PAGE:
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Blood transfusion during the pandemic: strategies in a time of uncertainty

This blog was originally published on Canadian Blood Services’ R.E.D. blog on August 7, 2020.

Author: Trish Abe

COVID-19 has had major implications for patients who need blood transfusions, blood donors, and the transfusion services and hospitals that manage transfusions. For example, in the event of a shortage, what additional steps can be taken to minimize waste of blood components, and how is blood use prioritized for patients if there is a predicted shortage? What donor and donation factors need to be considered to maintain an adequate supply of blood during the pandemic?

According to Dr. Mindy Goldman, medical director at Canadian Blood Services, one of the biggest challenges for clinicians during the pandemic is keeping up with the volume of published literature out there. Dr. Goldman is one of the authors of a recent study published in The Lancet Haematology (Stanworth et al., July 2020) that helps address the challenge of information overload by synthesizing expert opinion on the supply and use of blood for transfusion during the pandemic. The research team, which included experts in Canada, UK, Norway, Italy, and Netherlands, searched the literature for studies addressing the transfusion chain—from donation and collection to processing.

“A key issue for blood supply planning during a pandemic is maintaining the balance between supply and demand,” says Dr. Goldman. “We wanted to see what kind of practical guidance was out there, in terms of changes that have been made in other countries to keep donors, volunteers and staff as safe as possible at blood collections sites, and the possible actions that can be taken to ensure blood availability.”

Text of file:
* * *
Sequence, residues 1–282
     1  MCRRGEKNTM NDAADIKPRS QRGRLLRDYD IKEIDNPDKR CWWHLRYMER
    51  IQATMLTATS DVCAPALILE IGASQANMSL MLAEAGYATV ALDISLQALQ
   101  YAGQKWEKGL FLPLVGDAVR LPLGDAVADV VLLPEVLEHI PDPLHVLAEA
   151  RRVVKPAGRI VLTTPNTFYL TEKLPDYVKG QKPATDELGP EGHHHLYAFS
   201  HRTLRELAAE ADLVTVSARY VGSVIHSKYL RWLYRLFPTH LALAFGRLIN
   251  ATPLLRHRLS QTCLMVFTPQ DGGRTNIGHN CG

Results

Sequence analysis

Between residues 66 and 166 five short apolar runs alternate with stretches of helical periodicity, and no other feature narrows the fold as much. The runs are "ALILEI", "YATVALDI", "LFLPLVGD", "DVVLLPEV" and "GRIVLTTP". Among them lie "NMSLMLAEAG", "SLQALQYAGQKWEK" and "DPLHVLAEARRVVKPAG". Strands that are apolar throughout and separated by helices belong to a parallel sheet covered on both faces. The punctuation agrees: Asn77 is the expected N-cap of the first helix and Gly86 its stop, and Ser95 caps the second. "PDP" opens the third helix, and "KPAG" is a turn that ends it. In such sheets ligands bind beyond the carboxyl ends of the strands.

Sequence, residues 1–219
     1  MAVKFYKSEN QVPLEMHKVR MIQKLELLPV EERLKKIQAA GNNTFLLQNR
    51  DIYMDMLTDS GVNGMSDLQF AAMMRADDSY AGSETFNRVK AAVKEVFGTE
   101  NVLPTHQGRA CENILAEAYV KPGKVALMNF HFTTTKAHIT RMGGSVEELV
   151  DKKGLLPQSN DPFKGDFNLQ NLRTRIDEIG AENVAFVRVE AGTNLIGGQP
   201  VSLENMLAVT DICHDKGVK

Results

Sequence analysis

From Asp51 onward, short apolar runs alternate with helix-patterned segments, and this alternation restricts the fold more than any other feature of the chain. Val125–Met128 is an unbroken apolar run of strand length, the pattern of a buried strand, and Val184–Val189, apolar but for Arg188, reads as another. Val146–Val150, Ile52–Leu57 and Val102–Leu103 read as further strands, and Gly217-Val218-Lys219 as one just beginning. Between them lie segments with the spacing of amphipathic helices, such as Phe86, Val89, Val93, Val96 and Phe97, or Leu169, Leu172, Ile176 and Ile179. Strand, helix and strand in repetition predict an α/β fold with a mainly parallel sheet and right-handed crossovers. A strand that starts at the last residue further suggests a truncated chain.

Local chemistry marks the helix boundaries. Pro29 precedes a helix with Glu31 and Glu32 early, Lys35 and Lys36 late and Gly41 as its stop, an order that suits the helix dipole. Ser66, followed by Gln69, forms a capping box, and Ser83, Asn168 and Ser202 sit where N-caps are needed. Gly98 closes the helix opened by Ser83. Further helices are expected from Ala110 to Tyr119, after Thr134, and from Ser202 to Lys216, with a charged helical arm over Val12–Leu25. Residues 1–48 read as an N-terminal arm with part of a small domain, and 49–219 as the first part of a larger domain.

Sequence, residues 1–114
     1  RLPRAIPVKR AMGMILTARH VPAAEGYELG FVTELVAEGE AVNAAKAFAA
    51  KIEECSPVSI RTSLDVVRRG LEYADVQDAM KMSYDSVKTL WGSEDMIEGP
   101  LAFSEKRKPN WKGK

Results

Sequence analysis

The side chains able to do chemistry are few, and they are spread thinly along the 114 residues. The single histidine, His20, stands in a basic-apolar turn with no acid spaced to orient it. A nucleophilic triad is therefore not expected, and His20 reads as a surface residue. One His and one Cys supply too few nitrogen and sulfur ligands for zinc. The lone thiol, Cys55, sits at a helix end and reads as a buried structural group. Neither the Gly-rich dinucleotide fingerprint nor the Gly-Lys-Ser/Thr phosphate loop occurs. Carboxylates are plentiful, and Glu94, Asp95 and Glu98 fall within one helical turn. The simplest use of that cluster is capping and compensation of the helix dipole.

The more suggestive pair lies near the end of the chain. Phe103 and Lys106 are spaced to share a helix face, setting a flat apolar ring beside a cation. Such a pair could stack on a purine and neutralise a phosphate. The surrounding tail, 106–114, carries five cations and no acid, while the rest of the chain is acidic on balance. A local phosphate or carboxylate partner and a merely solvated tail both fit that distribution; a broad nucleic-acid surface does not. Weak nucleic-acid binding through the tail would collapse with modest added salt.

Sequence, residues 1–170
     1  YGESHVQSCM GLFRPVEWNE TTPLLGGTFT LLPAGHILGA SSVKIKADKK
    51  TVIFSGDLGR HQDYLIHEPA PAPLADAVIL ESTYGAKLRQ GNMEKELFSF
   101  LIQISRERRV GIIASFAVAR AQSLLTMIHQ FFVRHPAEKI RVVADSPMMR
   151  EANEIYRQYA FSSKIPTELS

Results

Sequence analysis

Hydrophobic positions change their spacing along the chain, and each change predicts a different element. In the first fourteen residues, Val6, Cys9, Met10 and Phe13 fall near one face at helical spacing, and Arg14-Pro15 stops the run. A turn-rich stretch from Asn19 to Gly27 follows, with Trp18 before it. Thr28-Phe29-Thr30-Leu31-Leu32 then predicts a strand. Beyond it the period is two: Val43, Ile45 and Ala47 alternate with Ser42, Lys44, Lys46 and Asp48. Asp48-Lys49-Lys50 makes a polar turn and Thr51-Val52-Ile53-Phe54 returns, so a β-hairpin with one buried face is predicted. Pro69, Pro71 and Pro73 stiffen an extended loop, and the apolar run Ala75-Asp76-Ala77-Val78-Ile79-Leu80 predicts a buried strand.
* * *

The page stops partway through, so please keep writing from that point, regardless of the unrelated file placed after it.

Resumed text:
The study’s findings are synthesized according to 5 themes:
  • Features of SARS-CoV-2 infection that affect patients’ needs for transfusion.
  • Donor and donation factors that need to be considered to maintain an adequate supply of blood during the pandemic.
  • Modifications to production, specification, and storage of blood components to help prevent blood shortage.
  • Prioritisation of blood use for patients in hospitals in the event of predicted shortage.
  • Use of convalescent plasma and immunoglobulins.
By sharing experience and developing expert consensus, their study can help transfusion services and hospitals in Canada and around the world as they grapple with local and national challenges at different stages of the pandemic.

To read the publication, visit the COVID-19 and transfusion medicine page on Canadian Blood Services’ Professional Education website.  

The opinions reflected in this post are those of the author and do not necessarily reflect the opinions of Canadian Blood Services nor do they reflect the views of Health Canada or any other funding agency.

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